When baby is all looped up in the womb

umbilical cord, newborn, labour room

Problems arise when the excessively long cord gives the baby too much leeway to loop all around it throughout the nine months in the womb.

Photo credit: SHUTTERSTOCK

What you need to know:

  • A normal umbilical cord measures approximately 50cm to 60cm in length. Anything longer than 100cm is regarded as abnormal.
  • Though in most babies this may not be an issue, problems arise when the excessively long cord gives the baby too much leeway to loop all around it throughout the nine months in the womb. This is even worse when the baby also has excessive amniotic fluid.

Georgina* was staring at me unamused. She has had three babies delivered normally and here she was, due to deliver her fourth, and baby was not cooperating. She had to undergo a caesarian section. Her little one adamantly sat there in the womb, in breech presentation, her bottoms coming first instead of the head. 

Georgina had bargained with the baby for the past three weeks but here she was, almost 39 weeks,  and baby steadfastly remained in breech presentation. Generally, if the baby is still in breech presentation past 35 weeks of gestation, it is highly unlikely to turn. This wasn’t a possibility Georgina relished. She held long conversations with her unborn baby, ranging from firm instruction to bargaining to literally pleading, all to no avail.  This was her final visit and she felt dejected. She had to face up to the reality of going under the knife. We walked through the details of surgery one more time, the actual surgery, expectations, outcomes, possible risks and complications. She left with the necessary paperwork, ready for admission to the hospital in a few days’ time. 

On the morning of surgery, Geogina was accompanied by her husband and her mum. She was surprisingly calm, having accepted the inevitable. This was further reinforced by the prayer from her mum just before she was wheeled away to the operating room. 

Surgery commenced smoothly and within minutes, baby was extracted from the womb, feet first. Georgina, who was conscious through the surgery, under spinal anaesthesia, was overwhelmed with tears of joy, hearing her newborn daughter wailing lustily a few minutes after six o’clock on a Saturday morning! She shared a birthday with her mum! 

The healthy baby was accompanied by some interesting findings. The umbilical cord was looped round her neck twice, a fairly common finding, but was also looped round her left shoulder and out under the right arm. In addition, it had a perfectly looped knot, what is medically termed as a true knot! The entire length of the umbilical cord measured 137cm!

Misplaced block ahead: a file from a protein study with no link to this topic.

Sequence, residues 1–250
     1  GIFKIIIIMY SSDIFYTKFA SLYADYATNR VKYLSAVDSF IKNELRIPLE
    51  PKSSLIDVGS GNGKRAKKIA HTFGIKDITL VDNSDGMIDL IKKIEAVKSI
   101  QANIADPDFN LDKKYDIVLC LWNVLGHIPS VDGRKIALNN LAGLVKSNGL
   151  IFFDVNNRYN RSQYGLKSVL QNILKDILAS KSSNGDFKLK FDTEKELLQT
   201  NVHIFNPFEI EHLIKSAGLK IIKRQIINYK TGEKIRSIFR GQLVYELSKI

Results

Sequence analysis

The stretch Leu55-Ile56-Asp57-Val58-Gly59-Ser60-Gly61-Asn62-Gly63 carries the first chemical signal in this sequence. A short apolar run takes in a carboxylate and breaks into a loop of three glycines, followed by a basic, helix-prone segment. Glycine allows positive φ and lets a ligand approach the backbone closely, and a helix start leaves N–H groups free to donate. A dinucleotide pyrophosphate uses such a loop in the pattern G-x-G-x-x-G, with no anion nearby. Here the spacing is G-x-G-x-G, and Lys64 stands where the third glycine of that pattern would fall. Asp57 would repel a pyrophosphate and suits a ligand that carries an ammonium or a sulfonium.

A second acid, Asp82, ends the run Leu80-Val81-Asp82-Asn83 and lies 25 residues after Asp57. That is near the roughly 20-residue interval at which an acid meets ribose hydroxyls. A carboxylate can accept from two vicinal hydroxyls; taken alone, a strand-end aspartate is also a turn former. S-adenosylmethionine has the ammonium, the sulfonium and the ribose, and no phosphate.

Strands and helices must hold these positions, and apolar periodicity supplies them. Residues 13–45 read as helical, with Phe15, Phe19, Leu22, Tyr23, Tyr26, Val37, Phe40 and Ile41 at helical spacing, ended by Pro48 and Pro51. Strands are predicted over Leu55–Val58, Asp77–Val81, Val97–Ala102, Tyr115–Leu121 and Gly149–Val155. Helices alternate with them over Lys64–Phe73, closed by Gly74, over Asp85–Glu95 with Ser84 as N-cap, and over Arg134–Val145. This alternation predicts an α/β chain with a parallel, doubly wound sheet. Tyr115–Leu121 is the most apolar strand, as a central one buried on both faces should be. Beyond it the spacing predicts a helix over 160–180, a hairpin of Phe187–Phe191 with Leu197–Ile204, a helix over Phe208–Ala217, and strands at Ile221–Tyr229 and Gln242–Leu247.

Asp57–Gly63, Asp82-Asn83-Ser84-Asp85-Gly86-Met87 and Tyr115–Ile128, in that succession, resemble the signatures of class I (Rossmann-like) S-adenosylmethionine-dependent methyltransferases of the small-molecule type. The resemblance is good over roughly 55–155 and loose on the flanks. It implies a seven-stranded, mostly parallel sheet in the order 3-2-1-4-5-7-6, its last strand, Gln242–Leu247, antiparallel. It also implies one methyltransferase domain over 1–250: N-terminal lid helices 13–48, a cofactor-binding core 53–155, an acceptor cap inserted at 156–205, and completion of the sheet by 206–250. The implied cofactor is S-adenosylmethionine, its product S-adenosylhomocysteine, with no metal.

Georgina’s baby had what is medically termed as umbilical cord entanglement. This may occur more commonly as a loop or umbilical cord round the baby’s neck, or less commonly as loops round other body parts such as abdomen and limbs.

I was reminded of Georgina’s baby when my senior, Prof Omondi Ogutu, delivered one of his patients with the baby looking like he was caught up in a spider web of his own umbilical cord! The baby was all tangled up in loops of cord round the neck, lacing over the shoulders and coiling round the body. The newborn looked ready to bungee jump!

It was a miracle the little one survived the harrowing trip into this world. This was no easy caesarian section. He lay there calming blinking, unaware of the furore he had raised in the operating room and beyond. We were all in awe!

A normal umbilical cord measures approximately 50cm to 60cm in length. Anything longer than 100cm is regarded as abnormal.

Though in most babies this may not be an issue, problems arise when the excessively long cord gives the baby too much leeway to loop all around it throughout the nine months in the womb. This is even worse when the baby also has excessive amniotic fluid.

These loops may get unreasonably tight, impeding normal labour and delivery. The baby is then at risk of distress, birth asphyxia and even perinatal death. In even rarer occasions, the baby may end up with sudden death in the womb due to true knots getting too tight and cutting off blood circulation from the placenta to the unborn baby.

On the other hand, babies may be born with an abnormally short cord, less than 20cm in length. These babies have an increased risk of perinatal death. Birth asphyxia occurs when the foetus does not get adequate oxygen during labour. 

Different cultures hold different beliefs regarding this lifeline that remains the conduit of life from mother to baby for weeks before delivery. A healthy umbilical cord is therefore paramount in a baby’s well-being. A supple cord with three blood vessels in it with a healthy layer of Wharton’s jelly to insulate them is the dream of every obstetrician or midwife! On average it should be at least 12mm in diameter to ensure adequate blood flow and protection from compression.

Today, we spare a thought for all those angels who inadvertently strangled themselves to death.

Dr Bosire is an obstetrician/gynaecologist


 

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